Tired of adverts in Prime Video? How to remove ad breaks from your Amazon streaming subscription

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Aaron Brown

By Aaron Brown

Published: 08/02/2024

- 12:25

Updated: 14/05/2024

- 12:45

Amazon starting showing adverts to Prime Video subscribers across the UK on February 5, 2024

  • Prime Video will now interrupt episodes and films with a short ad break
  • Amazon has not lowered the monthly cost, like Disney+ and Netflix
  • It's possible to block the ad breaks ...but it costs an extra £2.99 per month

If you’ve tried to watch an episode of Clarkson’s Farm or stream Saltburn on Prime Video lately, you will have had to watch adverts. These short ad breaks, usually no more than 30-seconds apiece, appear before — and during — whatever you’re watching on Prime Video following their introduction to the UK in early February.

Worse still, Amazon has previewed a slew of new interactive adverts that will be coming to your favourite Prime Video TV shows, films, documentaries, and live sports events in the coming months. The new interactive adverts in Prime Video will launch in the US, before making their way to the UK.

It’s a dramatic shake-up for the Amazon-owned streamer, which has been ad-free since it launched a decade ago. Unlike rivals Disney+ and Netflix, which introduced more affordable subscriptions with the introduction of adverts, Prime Video remains at the same £5.99 per month cost.

It's also included as part of the annual Amazon Prime membership, which costs £8.99 per month or £95 per year. As well as Prime Video, the membership bundles next-day delivery on thousands of items, unlimited photo back-up, music streaming, and Kindle ebooks.

a montage of artwork of some of the biggest original shows and films on prime video in the UK

Prime Video has a library of popular TV shows, documentaries, and blockbuster films — everything is available to watch in 4K Ultra HD picture quality, but you'll have to put up with a few ad breaks


If you want to stop adverts ruining your next boxset binge-watch or movie night, Amazon will remove all ad breaks for an extra £2.99 per month. This fee applies to those who have subscribed to Prime Video as a standalone subscription as well as Amazon Prime members.

It’s worth noting that paying the extra £2.99 fee will not remove promotional trailers for upcoming shows, documentaries, and films coming soon to Prime Video. However, unlike ad breaks, these trailers will never interrupt your content once it's started and can be skipped.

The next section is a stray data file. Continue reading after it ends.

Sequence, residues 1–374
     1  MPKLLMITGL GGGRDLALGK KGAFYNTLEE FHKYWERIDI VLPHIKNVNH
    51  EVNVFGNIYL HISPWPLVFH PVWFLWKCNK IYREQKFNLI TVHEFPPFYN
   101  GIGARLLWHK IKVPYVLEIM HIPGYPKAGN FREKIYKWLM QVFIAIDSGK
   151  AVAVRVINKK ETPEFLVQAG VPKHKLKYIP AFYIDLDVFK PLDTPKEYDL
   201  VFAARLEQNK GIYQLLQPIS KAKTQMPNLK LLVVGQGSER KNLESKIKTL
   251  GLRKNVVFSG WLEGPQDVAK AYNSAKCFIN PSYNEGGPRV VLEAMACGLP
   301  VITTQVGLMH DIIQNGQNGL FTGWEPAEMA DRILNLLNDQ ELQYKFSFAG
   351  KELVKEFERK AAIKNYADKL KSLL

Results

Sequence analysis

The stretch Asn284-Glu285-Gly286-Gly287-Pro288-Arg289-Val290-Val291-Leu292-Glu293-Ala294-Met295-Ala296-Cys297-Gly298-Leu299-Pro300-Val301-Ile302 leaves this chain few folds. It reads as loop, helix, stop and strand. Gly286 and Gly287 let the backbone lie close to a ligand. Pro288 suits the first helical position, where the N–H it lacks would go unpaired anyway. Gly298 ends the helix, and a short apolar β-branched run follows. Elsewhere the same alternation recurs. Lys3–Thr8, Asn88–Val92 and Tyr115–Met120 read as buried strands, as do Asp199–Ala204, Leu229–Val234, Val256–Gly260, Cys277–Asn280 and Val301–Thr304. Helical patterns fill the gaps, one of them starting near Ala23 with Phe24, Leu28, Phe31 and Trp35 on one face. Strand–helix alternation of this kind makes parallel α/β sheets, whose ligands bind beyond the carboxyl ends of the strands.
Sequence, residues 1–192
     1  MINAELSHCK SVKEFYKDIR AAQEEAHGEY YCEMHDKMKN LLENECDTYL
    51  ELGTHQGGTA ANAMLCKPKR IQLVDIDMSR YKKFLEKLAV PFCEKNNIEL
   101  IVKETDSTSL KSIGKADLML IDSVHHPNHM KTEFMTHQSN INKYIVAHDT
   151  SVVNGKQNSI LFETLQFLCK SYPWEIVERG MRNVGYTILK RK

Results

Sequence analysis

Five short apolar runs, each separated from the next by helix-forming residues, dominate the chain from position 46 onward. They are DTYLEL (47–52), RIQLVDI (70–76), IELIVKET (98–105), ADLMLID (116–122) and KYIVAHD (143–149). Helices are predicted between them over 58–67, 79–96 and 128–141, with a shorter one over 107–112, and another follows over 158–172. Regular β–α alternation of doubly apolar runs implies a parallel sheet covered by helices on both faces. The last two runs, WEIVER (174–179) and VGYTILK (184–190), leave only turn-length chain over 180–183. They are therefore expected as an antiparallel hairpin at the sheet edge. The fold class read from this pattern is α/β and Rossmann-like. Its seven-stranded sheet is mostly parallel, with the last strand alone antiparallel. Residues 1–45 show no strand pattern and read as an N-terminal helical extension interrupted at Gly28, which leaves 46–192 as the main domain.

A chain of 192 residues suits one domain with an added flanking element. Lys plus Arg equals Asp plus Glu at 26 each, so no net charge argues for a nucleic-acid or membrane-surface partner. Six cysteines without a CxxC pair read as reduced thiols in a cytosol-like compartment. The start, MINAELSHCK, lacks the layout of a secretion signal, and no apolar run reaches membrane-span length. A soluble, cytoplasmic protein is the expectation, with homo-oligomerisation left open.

Anything watched on Amazon’s second streamer, known as FreeVee, will contain ad breaks. This service, which originally launched under the brand name IMDbTV, is completely ad-supported, so you won’t need a Prime Video or Amazon Prime account to watch.

To remove adverts on your desktop PC, go to Amazon.co.ukand click on Account & Lists in the top right-hand corner of the screen. Select Your Account > Go Ad Free > Start Subscription.

If you want to upgrade your plan on the Prime Video app on Amazon’s popular Fire TV streaming boxes, Smart TV, game consoles, or set-top boxes like Apple TV and Chromecast with Google TV, then you’ll need to launch the app, then go to Settings > Prime.

Select Go Ad Free > Start Subscription, and the advertisements will vanish.

You’ll be charged the extra £2.99 fee to the credit or debit card saved to your account.


The arrival of adverts for Prime Video subscribers is part of a wide trend across the industry. Disney+ launched a more affordable ad-supported tier at the end of last year. Priced at £5.99 per month, it’s £2 cheaper than the previous one-size-fits-all ad-free subscription.

Netflix kickstarted the trend with the arrival of its first ad-supported tier in late 2022, which has surged in popularity following the streamer’s recent crackdown on password-sharing between friends and family members, it confirmed during its latest earnings call.

With so many services that launched as ad-free subscriptions now squeezing ad breaks into your favourite shows and films ...it can feel like the golden age of streaming is well and truly behind us.

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